Jaguars head coach Jack Del Rio talked openly in his end of season news conference about how he has grown as a coach over the past eight years, with one of the main developments being his growing trust in his staff.
It's easy to build trust when you have one of the NFL's top offensive minds in Dirk Koetter directing the offensive side of the ball. Koetter, who was recently a finalist for the Denver Broncos head coaching position, has the Jaguars offense ranked among the NFL's best since he arrived in 2007.
The Jaguars rank seventh in the AFC and 13th in the NFL over the last four seasons with an average of 338.6 yards per game, and sixth in the AFC with 152 total offensive touchdowns.
Koetter came to Jacksonville after six seasons as the head coach at Arizona State, where the Sun Devils averaged nearly 30 points a game and ranked in the top 20 in the nation in passing offense for five of those seasons.
While the NFL is a different game, Koetter has obviously adjusted. He was billed as a passing guru on the collegiate level but he has taken the Jaguars to new heights on the ground as well. The Jaguars established a team record this season with four 200-yard rushing games.
In four seasons under Koetter, the Jaguars have produced 400-plus yards of offense in 14 games. Prior to 2007, the Jaguars had only nine games in 12 seasons with 400-plus yards. The Jaguars have compiled two of the three highest rushing totals in franchise history under Koetter and have ranked in the top 10 among NFL teams in rushing three of the last four seasons.
"I think Dirk had a really good year as an offensive coordinator for us," Del Rio said. "I really encourage him to build on that and grow going forward. I think he was a strength for us."
Further proof of Koetter's influence is being seen now on a national level.
From 2002-06, the Jaguars did not have an offensive player voted to the Pro Bowl. In just four seasons, Koetter has coached four different players who have earned a total of five Pro Bowl selections during his stint as offensive coordinator. Running back Maurice Jones-Drew (starter) and tight end Marcedes Lewis were both named to the Pro Bowl this season.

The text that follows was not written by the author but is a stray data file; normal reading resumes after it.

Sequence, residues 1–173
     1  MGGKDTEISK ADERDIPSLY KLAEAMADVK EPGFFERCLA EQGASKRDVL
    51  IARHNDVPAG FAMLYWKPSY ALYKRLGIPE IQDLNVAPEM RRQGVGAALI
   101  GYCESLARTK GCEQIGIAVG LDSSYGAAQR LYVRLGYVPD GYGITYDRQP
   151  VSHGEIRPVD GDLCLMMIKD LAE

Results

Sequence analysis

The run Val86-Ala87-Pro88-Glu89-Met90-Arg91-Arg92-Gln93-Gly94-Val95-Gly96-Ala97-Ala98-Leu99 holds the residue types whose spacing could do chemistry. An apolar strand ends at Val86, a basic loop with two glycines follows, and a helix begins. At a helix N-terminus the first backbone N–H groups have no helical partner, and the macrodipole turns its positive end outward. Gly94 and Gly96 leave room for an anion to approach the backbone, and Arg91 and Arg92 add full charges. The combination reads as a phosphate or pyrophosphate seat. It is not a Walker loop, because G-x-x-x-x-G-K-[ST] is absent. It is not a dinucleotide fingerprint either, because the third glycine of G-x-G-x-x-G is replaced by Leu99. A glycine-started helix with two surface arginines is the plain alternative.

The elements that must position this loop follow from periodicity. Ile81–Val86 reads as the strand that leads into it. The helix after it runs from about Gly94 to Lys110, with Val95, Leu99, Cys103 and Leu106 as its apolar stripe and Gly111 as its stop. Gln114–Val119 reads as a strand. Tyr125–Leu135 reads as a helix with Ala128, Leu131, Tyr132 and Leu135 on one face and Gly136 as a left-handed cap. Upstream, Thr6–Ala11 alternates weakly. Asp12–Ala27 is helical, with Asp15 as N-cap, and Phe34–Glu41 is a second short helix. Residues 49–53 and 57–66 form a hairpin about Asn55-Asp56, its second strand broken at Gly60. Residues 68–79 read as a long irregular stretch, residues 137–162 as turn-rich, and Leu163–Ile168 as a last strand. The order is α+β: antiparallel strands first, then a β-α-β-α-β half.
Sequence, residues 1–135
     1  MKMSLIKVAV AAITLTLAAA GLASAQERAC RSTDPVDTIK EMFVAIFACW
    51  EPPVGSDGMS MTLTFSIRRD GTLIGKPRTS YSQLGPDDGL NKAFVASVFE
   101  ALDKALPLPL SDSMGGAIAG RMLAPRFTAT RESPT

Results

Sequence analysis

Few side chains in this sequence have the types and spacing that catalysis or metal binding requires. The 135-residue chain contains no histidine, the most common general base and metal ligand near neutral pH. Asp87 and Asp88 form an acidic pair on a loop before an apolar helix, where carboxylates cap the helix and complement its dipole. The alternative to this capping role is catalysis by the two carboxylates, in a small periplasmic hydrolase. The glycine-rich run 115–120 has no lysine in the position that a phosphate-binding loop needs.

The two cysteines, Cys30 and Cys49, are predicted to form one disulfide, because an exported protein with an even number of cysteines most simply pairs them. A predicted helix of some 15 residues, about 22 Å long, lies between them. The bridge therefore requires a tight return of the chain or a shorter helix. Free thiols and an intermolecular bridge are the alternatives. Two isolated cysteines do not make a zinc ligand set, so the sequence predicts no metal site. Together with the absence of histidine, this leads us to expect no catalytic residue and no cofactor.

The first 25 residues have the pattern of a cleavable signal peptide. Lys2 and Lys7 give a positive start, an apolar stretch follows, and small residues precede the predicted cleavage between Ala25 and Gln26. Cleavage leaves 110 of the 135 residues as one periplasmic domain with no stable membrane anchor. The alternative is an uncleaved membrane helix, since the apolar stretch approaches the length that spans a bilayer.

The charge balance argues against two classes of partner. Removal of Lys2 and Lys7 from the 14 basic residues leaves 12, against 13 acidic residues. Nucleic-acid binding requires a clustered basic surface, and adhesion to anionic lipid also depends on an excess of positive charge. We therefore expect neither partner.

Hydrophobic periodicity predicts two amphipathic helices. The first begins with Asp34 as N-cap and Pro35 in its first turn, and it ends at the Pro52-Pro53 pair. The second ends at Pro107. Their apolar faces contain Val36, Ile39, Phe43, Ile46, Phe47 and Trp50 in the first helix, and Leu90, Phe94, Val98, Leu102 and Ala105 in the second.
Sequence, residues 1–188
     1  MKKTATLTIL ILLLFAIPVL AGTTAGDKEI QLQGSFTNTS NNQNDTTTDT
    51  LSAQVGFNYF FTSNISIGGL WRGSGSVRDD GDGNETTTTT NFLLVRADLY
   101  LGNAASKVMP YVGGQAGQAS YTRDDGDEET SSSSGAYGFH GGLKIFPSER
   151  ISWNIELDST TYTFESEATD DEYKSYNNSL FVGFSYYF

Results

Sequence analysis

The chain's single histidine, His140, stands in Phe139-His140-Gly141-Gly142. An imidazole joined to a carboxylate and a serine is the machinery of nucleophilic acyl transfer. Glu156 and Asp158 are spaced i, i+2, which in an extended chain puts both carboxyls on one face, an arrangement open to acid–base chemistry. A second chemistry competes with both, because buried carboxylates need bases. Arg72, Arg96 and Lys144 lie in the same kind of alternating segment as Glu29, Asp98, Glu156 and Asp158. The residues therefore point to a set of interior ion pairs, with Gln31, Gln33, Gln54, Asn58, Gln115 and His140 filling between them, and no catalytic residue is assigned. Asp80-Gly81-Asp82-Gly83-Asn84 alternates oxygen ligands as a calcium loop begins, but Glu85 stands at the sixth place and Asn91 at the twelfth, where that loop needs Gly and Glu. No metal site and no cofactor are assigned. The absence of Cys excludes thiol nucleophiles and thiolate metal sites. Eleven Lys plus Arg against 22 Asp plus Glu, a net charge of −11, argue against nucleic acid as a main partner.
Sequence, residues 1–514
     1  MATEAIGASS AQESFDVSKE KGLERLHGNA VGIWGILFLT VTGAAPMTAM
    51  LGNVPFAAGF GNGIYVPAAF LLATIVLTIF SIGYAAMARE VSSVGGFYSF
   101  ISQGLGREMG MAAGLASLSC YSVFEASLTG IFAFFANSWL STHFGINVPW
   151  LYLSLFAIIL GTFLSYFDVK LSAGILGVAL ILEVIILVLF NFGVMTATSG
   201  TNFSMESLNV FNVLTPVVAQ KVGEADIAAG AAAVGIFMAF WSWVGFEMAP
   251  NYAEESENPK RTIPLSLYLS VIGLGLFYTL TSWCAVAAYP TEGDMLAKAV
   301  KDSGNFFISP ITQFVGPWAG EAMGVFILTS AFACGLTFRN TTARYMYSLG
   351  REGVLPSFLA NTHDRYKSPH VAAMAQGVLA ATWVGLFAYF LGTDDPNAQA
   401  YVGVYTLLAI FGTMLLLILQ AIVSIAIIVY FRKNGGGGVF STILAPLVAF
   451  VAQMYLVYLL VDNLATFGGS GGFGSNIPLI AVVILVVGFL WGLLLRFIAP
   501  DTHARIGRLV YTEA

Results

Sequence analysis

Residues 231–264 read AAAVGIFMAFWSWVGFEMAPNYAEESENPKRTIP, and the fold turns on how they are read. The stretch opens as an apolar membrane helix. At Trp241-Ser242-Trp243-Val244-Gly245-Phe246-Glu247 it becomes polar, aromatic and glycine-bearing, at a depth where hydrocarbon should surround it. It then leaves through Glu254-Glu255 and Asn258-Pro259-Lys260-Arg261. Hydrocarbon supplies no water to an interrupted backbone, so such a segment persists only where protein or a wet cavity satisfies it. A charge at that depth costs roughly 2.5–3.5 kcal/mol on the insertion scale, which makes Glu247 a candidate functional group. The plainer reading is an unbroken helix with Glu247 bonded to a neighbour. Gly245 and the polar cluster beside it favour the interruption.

The one player who has thrived the most under the guidance of Koetter is quarterback David Garrard. In Koetter's first season with the Jaguars, the team set a franchise single-season record for points scored (411, 25.7 avg.), touchdowns (50) and touchdown passes (28). In 2009 the Jaguars set a single-season record with six plays of 60-plus yards.
"David is a big, tough, mobile quarterback," Del Rio said. "He is an accurate passer and I do believe our system and him having the continuity with Dirk and our offensive staff, I do believe that allows everything to slow down for quarterbacks later in their career, and that's why you see quarterbacks play at a high level later in their careers. I think there's an opportunity to build on the things we've done and do some better and continue to push."
Garrard set the single-season franchise record with 23 touchdown passes in 2010 despite missing two games. He also established the single-season record with a 64.5 completion percentage which ranked seventh in the NFL. Three of his top four career games for passer rating came this past season.
"I think this year David took a step forward in terms of the way he approached the game, the time he put in, the commitment level he had was at an all-time high, and we're going to go back and demand even more," Del Rio said.
No one will demand more from the entire offensive unit than Koetter.